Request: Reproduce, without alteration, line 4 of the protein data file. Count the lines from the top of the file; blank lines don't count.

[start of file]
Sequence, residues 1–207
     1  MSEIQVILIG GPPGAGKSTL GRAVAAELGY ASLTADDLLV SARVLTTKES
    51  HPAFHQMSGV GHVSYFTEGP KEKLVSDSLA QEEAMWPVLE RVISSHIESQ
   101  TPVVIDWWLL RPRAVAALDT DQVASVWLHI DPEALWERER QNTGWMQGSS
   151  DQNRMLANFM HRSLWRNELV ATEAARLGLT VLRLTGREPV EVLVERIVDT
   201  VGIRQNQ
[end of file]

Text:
   101  TPVVIDWWLL RPRAVAALDT DQVASVWLHI DPEALWERER QNTGWMQGSS